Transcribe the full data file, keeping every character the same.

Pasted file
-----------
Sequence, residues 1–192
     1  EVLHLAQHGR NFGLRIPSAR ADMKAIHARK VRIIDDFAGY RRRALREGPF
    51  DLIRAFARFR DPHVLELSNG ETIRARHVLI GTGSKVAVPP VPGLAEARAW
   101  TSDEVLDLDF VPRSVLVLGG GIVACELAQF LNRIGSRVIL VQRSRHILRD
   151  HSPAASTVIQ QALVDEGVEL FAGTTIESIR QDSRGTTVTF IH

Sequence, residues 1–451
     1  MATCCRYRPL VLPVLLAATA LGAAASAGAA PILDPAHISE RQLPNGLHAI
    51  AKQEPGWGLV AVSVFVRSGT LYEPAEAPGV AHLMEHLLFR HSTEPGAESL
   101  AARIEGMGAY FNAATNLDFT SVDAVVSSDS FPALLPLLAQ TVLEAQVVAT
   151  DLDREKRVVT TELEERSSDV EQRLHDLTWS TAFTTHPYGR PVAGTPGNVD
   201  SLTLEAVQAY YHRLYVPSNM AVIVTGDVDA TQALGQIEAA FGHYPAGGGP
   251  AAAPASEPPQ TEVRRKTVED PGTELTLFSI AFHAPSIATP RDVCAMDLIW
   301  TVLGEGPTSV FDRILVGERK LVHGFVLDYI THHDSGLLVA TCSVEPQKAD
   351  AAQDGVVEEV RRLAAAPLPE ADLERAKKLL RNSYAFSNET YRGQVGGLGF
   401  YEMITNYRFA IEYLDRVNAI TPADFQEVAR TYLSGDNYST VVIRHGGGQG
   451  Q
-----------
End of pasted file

Sequence, residues 1–192
     1  EVLHLAQHGR NFGLRIPSAR ADMKAIHARK VRIIDDFAGY RRRALREGPF
    51  DLIRAFARFR DPHVLELSNG ETIRARHVLI GTGSKVAVPP VPGLAEARAW
   101  TSDEVLDLDF VPRSVLVLGG GIVACELAQF LNRIGSRVIL VQRSRHILRD
   151  HSPAASTVIQ QALVDEGVEL FAGTTIESIR QDSRGTTVTF IH

Sequence, residues 1–451
     1  MATCCRYRPL VLPVLLAATA LGAAASAGAA PILDPAHISE RQLPNGLHAI
    51  AKQEPGWGLV AVSVFVRSGT LYEPAEAPGV AHLMEHLLFR HSTEPGAESL
   101  AARIEGMGAY FNAATNLDFT SVDAVVSSDS FPALLPLLAQ TVLEAQVVAT
   151  DLDREKRVVT TELEERSSDV EQRLHDLTWS TAFTTHPYGR PVAGTPGNVD
   201  SLTLEAVQAY YHRLYVPSNM AVIVTGDVDA TQALGQIEAA FGHYPAGGGP
   251  AAAPASEPPQ TEVRRKTVED PGTELTLFSI AFHAPSIATP RDVCAMDLIW
   301  TVLGEGPTSV FDRILVGERK LVHGFVLDYI THHDSGLLVA TCSVEPQKAD
   351  AAQDGVVEEV RRLAAAPLPE ADLERAKKLL RNSYAFSNET YRGQVGGLGF
   401  YEMITNYRFA IEYLDRVNAI TPADFQEVAR TYLSGDNYST VVIRHGGGQG
   451  Q